In our blogs on “Will Higher Education Be the Next Bubble to Burst?” we introduced the notion that two forces had collided: 1) the continually rising relative cost of American higher education and 2) the diminishing capacity of learners and families to afford higher education.
In this blog we shall further explore ways in which elements of US higher education’s funding models and performance are unsustainable. What are the various facets of unsustainability?
• McKinsey reports that the persistent gap in academic achievement between children in the US and their counterparts in other countries deprives the US economy of as much as $2.3 trillion dollars in economic output in 2008. This is a tremendous drain on our international competitiveness and cannot be sustained in the face of global competition. http://www.mckinseyquarterly.com/The_economic_cost_of_the_US_education_gap_2388.
• The high attrition, failure, and remediation rates in American high schools and colleges are wasteful and unsustainable; in many American community colleges, even those being fed by “high performing” school districts, it is not uncommon to see rates of students requiring remediation in the range of 60-75%. This wasteful “redoing” of what should have been achieved in high school is unsustainable.
• Retention rates at American colleges and universities vary dramatically, but are very high in many institutions, representing a waste of effort and resources; institutions with serious retention improvement programs have demonstrated these rates can be improved substantially.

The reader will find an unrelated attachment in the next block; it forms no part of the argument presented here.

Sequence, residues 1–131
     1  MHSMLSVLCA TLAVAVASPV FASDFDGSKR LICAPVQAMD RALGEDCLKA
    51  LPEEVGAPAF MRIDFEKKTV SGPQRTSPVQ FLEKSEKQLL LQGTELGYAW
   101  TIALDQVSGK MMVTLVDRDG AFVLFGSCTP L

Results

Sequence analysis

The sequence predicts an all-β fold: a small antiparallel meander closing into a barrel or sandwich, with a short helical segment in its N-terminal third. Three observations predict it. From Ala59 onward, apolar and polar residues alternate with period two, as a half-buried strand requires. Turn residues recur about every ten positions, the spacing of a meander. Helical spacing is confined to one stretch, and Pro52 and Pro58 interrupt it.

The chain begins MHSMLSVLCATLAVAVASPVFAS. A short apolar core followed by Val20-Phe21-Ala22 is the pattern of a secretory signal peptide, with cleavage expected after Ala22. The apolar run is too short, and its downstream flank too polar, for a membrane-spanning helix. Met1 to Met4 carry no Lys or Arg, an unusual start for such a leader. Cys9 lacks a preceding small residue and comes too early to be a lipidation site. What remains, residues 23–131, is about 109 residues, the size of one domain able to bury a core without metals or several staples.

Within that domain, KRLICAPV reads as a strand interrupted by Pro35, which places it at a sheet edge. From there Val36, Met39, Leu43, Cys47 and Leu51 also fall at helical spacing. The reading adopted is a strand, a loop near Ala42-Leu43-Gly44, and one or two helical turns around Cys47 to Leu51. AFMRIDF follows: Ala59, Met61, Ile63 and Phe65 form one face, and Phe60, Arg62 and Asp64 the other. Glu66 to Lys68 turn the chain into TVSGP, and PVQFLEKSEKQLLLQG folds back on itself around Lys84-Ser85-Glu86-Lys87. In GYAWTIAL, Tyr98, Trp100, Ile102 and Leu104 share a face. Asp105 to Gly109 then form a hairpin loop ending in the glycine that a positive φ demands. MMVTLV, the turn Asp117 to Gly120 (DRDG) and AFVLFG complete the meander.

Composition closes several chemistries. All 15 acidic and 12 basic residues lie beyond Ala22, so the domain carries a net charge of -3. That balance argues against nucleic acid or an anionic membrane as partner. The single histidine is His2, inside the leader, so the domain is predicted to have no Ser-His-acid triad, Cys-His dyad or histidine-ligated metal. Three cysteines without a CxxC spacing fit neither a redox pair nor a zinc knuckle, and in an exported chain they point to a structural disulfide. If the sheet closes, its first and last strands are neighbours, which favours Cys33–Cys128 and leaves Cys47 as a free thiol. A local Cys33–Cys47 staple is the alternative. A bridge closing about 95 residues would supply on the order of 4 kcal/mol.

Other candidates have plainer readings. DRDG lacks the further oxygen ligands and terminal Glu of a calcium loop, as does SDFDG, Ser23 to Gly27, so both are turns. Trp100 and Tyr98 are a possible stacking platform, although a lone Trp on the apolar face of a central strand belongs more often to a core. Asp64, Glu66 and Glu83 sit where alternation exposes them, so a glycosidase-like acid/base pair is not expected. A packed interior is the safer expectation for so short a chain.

• Public universities have gone through a roller coaster ride of budgetary ups and downs, achieving new funding during good economic times, then experiencing mid-year rescissions, cutbacks, and retrenchment during periodic recessions. This repeating cycle has completely disrupted consistent funding and the nurturing of innovations and initiatives that might change institutional practices and performance. These cycles also have diminished enterprise capacity and sapped the energy of institutional leadership. This model is unsustainable.
• Public financing of higher education continues to decline as a percentage of state budgets; public institutions’ support from state appropriations as a percentage of their total budgets has declined to 10-15% for many flagship universities. Many of these institutions have accepted lesser funding to achieve greater flexibility in setting tuitions and other measures that would establish for them greater sustainability and predictability in budgets.
• On an enterprise level, higher education and health care institutions have used technology in ways that often raise the overall cost of service. Even successful innovations, like the efforts of Carol Twigg at the National Center for Academic Transformation (NCAT) http://www.center.rpi.edu/ to reinvent course practices using technology, resulting in dramatically reduced cost and enhanced performance, have not been replicated at scale across institutions. This sort of failure to elevate innovate to the enterprise level is unsustainable.
Financial sustainability requires innovations that improve and eliminate exist disparities in access, affordability, and success. This will requires significant changes in practices across PK-20.
Lifting out of recession is fundamentally about two things: 1) building competitiveness for the post-recession world and economy and 2)rediscovering and maintaining financial sustainability. These two factors are intertwined.
Tomorrow's blog will present insights gleaned at the Annual Conference of the Society for College an d University Planning.